Although the manufacturers sometimes suggest use without dilution, we diluted most products 50 percent (see Value Guide) based on the realistic assumption that there would be residual water in the plumbing.
In minutes, it was obvious which chemicals were fast acting and which chemicals were aluminum-safe. The Barnacle Buster, Sew Clean, muriatic acid, and Rydlyme samples immediately began bubbling wherever lime was present and on the aluminum coupons. The other chemicals-CLR, Lime-A-Way, oxalic acid, and vinegar-also caused bubbling on the lime deposits, though less vigorous, and very few bubbles appeared on the aluminum coupons.
Within one to three hours, depending on the product, the lime deposits were either rapidly disappearing, or becoming loose. What constitutes clean will depend to some extent on the application; the deposits will probably be loosened sufficiently to flush out before they are completely dissolved, which can take considerably longer.
Although few bubbles appeared, the steel coupons also corroded. However, the pattern was reversed; after correcting the exposure time for equal cleaning effect, the chemicals that worked the fastest and did the most damage to the aluminum coupons were the least damaging to steel, and the slower chemicals, which were safe for aluminum, were more damaging to steel, although the damage was less than that done to the aluminum coupons by the fast acting chemicals. Additionally, the steel corrosion was uniform and left a smooth surface, different from the pitting attack observed on the aluminum coupons.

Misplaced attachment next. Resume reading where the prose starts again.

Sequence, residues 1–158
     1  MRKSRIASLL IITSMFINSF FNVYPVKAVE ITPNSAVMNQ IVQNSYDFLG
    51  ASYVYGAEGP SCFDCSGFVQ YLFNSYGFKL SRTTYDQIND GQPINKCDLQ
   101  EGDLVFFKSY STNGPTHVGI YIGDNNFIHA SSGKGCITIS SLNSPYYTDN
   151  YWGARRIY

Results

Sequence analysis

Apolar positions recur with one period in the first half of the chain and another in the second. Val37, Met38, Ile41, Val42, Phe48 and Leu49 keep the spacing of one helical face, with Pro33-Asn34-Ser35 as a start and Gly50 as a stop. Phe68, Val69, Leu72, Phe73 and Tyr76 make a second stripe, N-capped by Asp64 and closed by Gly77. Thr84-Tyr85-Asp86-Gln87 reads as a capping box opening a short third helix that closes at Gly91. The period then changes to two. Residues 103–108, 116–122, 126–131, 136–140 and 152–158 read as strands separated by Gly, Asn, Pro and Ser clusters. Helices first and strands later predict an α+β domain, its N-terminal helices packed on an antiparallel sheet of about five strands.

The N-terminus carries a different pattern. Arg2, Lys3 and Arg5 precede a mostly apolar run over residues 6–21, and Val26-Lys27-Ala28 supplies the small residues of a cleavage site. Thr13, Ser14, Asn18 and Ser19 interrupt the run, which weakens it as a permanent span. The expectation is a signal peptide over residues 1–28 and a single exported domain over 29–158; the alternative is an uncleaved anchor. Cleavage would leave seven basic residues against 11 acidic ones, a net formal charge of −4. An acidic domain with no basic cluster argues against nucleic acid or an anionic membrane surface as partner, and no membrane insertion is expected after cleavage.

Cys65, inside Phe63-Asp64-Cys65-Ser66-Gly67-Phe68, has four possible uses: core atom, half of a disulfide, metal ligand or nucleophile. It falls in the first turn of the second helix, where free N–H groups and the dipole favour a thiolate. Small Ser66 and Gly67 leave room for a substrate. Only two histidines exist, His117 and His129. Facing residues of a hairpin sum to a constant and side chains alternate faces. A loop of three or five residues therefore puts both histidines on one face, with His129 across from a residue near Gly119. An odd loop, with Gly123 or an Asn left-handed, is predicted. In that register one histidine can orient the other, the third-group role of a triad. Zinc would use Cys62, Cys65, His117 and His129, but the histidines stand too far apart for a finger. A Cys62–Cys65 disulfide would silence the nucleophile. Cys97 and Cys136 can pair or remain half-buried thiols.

The remaining metal coupons-brass and copper-were not materially affected by any solution during the normal cleaning period. A few milligrams were lost from the copper coupons, which plated loosely onto the steel coupon. This was more of a curiosity than a reflection of noteworthy damage.
All of the solutions are acidic and hazardous as used, but after neutralization or dilution, they contain only relatively harmless or biodegradable components. Obviously, the amount used should be limited to what is needed and disposal should be according to local requirements. Head cleaning acid can stay in the holding tank until the next pump-out (assuming the tank is not aluminum, which is a terrible mistake for holding tanks anyway).